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Public Relations::

Some of the most important marketing you will do won’t cost a penny. A huge part of marketing anything is building relationships and gaining trust. Public relations, commonly referred to as PR, is technically a subset of marketing, but it definitely needs to be a priority.

Because you are not paying for the exposure, PR can gain your business the legitimacy and credibility it needs. PR is working with the public and one of the best ways to get the word out to the public is through the media. This day in age, the media can be about anything. It can be your traditional newspaper, it can be a blog, a magazine or even a podcast. The key is developing relationships with the media that speak to your target audience.

For instance; if you own a local bakery and cater primarily to residents of your city, your media relations efforts should be spent with the business reporters at your local newspaper, editors for local websites or other local venues. But, if you sell handmade nursing covers online to anyone in North America this changes quite drastically. Your efforts then need to be concentrated on editors of breastfeeding related publications, or perhaps blogs that feature news about indie business owners. By concentrating your efforts you’ll get better results.

So, what do you take to the media? Here are some brief explanations of some materials you may want to prepare. As always, everything you distribute for your company should have a consistent look and feel. Use your logo and slogan repeatedly, stick with the same color scheme, etc. This will build your brand and people will start to recognize your materials immediately.

Pitch

If you are trying to get a media outlet interested in covering your business or your products, a short pitch just might do the trick. A pitch is a shortened press release, of sorts, and can be prepared and presented in several different ways. If you have a personal relationship already established with an editor or reporter, you could pick up the phone and give them a call. "Hey, Julie, this is Amanda from Cute Boots. I just wanted to let you know that we’re just about ready to release our fall line and we have some great new looks. I think your readers would love a sneak peek."

However, if you do not have a relationship with the editor, or you are trying to establish one, a short e-mail would probably be better. Always try to address it to the appropriate person, you’ll be taken much more seriously. Make it short, give your name, your company and in a sentence or two why you think your item/business is newsworthy for their publication. Always attach a photo. And, always give them a way to get in touch with you. Chances are if they want to feature you they will want to get a hold of you quickly.

Basically a pitch is a short teaser. Give them a little bit of information but offer them more. Don’t forget to include why you believe what you have is relevant and of interest to their readers. Why would they want to publish something that their readers care nothing about?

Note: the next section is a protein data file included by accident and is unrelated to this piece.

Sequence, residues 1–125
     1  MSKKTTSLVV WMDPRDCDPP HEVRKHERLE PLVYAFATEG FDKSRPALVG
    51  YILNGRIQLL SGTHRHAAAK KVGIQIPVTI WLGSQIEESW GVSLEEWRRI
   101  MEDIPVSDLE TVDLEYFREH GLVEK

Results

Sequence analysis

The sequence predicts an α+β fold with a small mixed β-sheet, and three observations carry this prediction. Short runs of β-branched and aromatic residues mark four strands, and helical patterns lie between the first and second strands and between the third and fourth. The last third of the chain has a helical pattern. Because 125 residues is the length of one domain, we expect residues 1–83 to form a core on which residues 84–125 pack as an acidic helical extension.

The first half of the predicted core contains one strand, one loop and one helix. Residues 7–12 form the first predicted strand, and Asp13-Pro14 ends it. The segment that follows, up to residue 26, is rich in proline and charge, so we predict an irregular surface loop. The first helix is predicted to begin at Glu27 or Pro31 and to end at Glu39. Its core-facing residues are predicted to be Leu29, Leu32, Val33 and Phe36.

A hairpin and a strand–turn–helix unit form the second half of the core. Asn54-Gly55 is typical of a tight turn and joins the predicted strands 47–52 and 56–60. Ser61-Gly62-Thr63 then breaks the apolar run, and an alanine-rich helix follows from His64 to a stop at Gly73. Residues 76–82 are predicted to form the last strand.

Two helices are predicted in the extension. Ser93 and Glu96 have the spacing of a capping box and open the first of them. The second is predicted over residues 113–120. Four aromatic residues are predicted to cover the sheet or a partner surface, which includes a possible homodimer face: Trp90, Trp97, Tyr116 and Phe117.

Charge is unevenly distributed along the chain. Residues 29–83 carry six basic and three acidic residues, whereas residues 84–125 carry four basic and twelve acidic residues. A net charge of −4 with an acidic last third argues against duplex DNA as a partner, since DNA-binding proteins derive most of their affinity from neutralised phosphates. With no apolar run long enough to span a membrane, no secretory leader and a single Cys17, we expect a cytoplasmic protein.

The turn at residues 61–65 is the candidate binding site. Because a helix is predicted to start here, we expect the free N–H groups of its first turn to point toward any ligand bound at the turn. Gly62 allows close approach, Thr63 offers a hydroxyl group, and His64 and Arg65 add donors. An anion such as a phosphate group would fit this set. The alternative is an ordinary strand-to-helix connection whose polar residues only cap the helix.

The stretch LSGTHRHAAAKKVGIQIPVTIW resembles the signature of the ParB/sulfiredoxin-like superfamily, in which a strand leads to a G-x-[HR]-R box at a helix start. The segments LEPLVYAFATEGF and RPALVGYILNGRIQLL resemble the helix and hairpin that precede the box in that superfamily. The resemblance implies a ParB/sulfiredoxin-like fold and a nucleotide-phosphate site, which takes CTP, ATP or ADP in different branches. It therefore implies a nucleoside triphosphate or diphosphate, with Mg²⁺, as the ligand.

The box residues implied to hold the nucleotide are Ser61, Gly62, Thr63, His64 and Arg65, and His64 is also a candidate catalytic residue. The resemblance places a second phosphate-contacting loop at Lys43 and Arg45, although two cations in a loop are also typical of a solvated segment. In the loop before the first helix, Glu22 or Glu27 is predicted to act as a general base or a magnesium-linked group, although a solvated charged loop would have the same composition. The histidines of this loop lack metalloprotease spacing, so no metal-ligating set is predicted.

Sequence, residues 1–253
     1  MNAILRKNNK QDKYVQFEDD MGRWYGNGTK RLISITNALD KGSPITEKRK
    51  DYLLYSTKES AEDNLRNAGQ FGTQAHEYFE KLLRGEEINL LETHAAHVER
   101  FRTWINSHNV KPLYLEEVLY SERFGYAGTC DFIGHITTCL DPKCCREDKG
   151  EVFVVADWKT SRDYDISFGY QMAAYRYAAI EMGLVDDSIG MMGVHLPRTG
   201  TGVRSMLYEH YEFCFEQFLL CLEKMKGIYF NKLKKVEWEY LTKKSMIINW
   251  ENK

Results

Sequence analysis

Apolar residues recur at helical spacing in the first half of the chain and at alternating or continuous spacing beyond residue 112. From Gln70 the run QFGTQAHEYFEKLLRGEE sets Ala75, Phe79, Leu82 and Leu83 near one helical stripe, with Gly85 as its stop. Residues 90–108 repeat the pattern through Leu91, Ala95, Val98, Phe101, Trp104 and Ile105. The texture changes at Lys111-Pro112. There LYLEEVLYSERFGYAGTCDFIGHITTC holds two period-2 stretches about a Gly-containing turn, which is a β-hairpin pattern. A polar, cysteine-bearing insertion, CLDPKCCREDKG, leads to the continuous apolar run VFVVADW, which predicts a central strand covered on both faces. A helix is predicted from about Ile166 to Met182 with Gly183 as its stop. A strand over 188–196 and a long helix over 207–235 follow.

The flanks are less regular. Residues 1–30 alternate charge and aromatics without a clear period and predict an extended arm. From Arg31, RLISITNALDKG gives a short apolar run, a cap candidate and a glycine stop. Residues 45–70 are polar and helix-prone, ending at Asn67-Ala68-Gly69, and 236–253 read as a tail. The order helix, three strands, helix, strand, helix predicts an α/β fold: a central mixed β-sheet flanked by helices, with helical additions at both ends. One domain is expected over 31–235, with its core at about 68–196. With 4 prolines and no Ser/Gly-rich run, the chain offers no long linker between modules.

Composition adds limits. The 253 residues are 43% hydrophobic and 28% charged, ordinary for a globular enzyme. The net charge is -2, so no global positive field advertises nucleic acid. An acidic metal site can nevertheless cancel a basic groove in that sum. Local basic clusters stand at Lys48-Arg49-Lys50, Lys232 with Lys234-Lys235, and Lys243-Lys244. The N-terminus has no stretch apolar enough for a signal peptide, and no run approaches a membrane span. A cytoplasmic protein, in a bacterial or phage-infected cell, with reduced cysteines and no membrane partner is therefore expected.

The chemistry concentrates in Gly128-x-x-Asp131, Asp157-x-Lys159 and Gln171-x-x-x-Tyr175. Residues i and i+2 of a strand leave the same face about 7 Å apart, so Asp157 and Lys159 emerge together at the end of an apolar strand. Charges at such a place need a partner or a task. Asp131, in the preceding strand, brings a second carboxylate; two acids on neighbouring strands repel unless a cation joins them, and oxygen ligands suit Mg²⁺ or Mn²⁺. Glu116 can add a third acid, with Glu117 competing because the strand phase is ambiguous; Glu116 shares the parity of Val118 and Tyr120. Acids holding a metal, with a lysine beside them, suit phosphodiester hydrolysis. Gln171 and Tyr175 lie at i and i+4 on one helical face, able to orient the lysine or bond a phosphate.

Press Release

A press release offers the media more information than a pitch. If written well enough, press releases can be used as articles in some media outlets, or, condensed into a blurb or announcement in others. Other times, reporters will follow up on a release and write their own article. A press release should not be longer than one page. It should always have an accurate, interesting headline and the first sentence {or lead} is crucial.

If you are having an event to launch your grand opening the headline and lead of your press release should answer the who, what, where, when and why.

"Cute Boots will be celebrating the store’s grand opening with an  open house on Saturday, May 1 at their 313 Main St. location from 1 - 3 p.m." Who? Cute Boots. What? Open house. Where? 313 Main St. When? 1-3 p.m. Why? Grand opening. The following sentences can be used to explain the how. How will you be celebrating exactly? Free giveaways, contests, refreshments, sale prices?

If there will be a photo opportunity (ribbon cutting?) or interview possibilities, it’s always good to let the media know that as well. Press releases should always begin with the release date, the headline and then a dateline at the beginning of the text. Always include your contact information incase they need more information. Generally, press releases end with ### so that editors know there is nothing more. Here are some more tips on writing and formatting a press release.

It also helps if your press release can be written in AP Style, the style used my most major news outlets.

Media Kit

If you are having an event, or launching a brand new business it may be a good idea to create a media kit to hand out to key editors and reporters. Your kit should include your business card, the press release about said event, your brochure or any other relevant information such as pricing and if at all possible a sample. When writers have something in hand they are much more likely to want to write about it and their articles will most likely be much more accurate and interesting.

Now that you have went through all of this effort to get the media’s attention make sure you treat them right. Return phone calls promptly, journalists are always on a deadline! Provide accurate and detailed information. Be pleasant and accommodating. Offer images and/or samples. Give them your attention and they are more likely to give you theirs.

Need Help?

If you need help writing a pitch, a press release or creating a media kit, Market Mommy ® can help! Contact us today and revamp your marketing and public relations efforts!